In 2004, the Pentagon was, for instance, already building the first of its 505 bases, the biggest among them meant to be “enduring,” in Iraq -- American ziggurats, I called them at the time. Some of these were large enough to qualify as full-scale American towns, with PXs, fire departments, bus routes, the usual range of fast-food joints, internet cafes, and the like -- and yet it was the rare American reporter who saw a story of any sort in them, even when visiting one of them. The same was true in Afghanistan, where the U.S. was building (and is still upgrading) 400 or more bases. No one even bothered to try to count them up until Nick Turse did so in February 2010 for this site. (Ann Jones took TomDispatch readers onto one of them in August of that same year.)

In his books and at TomDispatch, Johnson put significant effort into trying to come up with a number for the bases the Pentagon garrisoned outside the United States. In January 2011, Turse returned to that task and found that number to be well over 1,100. Again, it’s not a figure you normally see reported in the mainstream. In March 2010, John Feffer reminded TD readers of just how far the Pentagon would go to hang onto a single major base, among so many, on the Japanese island of Okinawa.

One of the last essays Chalmers Johnson published at this site before his death in 2010 was entitled “Dismantling the Empire” and it was concerned with just how the U.S. could downsize its global mission and end its empire of bases. David Vine, anthropologist and author of Island of Shame: The Secret History of the U.S. Military Base on Diego Garcia, has been touring American bases for the past three years. In a major survey of the changing shape of our Baseworld, he suggests that unfortunately it isn’t shrinking at all, and that “dismantling” isn’t yet on the American horizon. This means that -- until the mainstream finally stumbles upon the import of this story -- TomDispatch has little choice but to stay on the bases beat for the foreseeable future. (To catch Timothy MacBain's latest Tomcast audio interview in which Vine discusses his experiences with the Pentagon’s empire of bases, click here or download it to your iPod here.) Tom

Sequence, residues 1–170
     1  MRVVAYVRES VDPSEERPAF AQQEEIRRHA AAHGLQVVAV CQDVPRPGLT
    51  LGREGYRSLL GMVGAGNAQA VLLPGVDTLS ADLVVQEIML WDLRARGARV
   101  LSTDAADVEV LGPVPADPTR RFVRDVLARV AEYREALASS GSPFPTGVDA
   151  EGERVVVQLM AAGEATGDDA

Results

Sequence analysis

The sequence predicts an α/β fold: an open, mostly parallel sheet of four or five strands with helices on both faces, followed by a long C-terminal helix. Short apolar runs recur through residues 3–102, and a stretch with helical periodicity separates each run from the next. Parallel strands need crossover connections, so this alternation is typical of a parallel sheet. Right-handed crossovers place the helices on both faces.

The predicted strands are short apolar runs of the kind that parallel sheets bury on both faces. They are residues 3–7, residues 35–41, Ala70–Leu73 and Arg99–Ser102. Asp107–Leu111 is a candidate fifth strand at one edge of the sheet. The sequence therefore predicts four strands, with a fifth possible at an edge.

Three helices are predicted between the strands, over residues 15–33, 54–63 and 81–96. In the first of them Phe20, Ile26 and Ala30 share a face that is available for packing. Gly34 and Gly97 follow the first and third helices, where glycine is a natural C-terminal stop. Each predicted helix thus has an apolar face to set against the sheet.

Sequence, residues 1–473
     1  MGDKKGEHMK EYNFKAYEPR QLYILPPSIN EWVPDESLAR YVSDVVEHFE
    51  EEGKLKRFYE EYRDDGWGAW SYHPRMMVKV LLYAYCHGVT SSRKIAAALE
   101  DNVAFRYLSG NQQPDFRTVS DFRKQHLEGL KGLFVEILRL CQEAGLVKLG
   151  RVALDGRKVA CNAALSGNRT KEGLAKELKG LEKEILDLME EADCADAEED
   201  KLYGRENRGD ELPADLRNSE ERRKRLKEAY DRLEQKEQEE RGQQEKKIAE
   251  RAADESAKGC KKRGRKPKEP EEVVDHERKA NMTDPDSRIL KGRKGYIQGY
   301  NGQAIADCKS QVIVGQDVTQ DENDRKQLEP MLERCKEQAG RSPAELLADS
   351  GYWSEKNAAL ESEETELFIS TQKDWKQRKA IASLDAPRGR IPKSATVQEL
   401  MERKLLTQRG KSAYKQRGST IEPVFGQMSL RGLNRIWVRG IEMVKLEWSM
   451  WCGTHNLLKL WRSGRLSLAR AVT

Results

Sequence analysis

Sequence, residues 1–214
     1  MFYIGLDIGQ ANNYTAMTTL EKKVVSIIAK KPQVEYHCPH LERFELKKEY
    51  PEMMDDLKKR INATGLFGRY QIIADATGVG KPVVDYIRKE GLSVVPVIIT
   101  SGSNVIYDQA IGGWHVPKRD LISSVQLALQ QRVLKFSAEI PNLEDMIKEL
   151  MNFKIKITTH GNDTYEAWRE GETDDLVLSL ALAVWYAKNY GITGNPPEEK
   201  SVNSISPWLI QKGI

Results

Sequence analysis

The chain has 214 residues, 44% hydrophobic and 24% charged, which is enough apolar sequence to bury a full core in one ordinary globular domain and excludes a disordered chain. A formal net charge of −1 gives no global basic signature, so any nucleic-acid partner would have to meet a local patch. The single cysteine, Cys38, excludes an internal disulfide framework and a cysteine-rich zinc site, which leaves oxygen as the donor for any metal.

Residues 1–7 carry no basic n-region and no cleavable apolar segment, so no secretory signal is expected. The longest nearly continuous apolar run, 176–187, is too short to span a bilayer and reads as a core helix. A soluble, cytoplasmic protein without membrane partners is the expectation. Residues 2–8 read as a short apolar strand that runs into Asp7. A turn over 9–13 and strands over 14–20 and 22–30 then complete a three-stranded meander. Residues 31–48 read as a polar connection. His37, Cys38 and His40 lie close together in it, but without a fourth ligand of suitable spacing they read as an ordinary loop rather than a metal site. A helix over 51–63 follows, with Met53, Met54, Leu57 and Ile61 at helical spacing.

The Lily-Pad Strategy: How the Pentagon Is Quietly Transforming Its Overseas Base Empire and Creating a Dangerous New Way of War By David Vine

The first thing I saw last month when I walked into the belly of the dark grey C-17 Air Force cargo plane was a void -- something missing. A missing left arm, to be exact, severed at the shoulder, temporarily patched and held together. Thick, pale flesh, flecked with bright red at the edges. It looked like meat sliced open. The face and what remained of the rest of the man were obscured by blankets, an American flag quilt, and a jumble of tubes and tape, wires, drip bags, and medical monitors.

That man and two other critically wounded soldiers -- one with two stumps where legs had been, the other missing a leg below the thigh -- were intubated, unconscious, and lying on stretchers hooked to the walls of the plane that had just landed at Ramstein Air Base in Germany. A tattoo on the soldier’s remaining arm read, “DEATH BEFORE DISHONOR.”

Click here to read more of this

Date: Saturday, August 4, 2012, 11:24 AM




Except during the sixties when the Filipino-American War of 1899-1902 was referred to as “the first Vietnam,” the death of 1.4 million Filipinos has been usually accounted for as either collateral damage or victims of insurrection against the imperial authority of the United States. The first Filipino scholar to make a thorough documentation of the carnage is the late Luzviminda Francisco in her contribution to The Philippines: The End of An Illusion (London, 1973).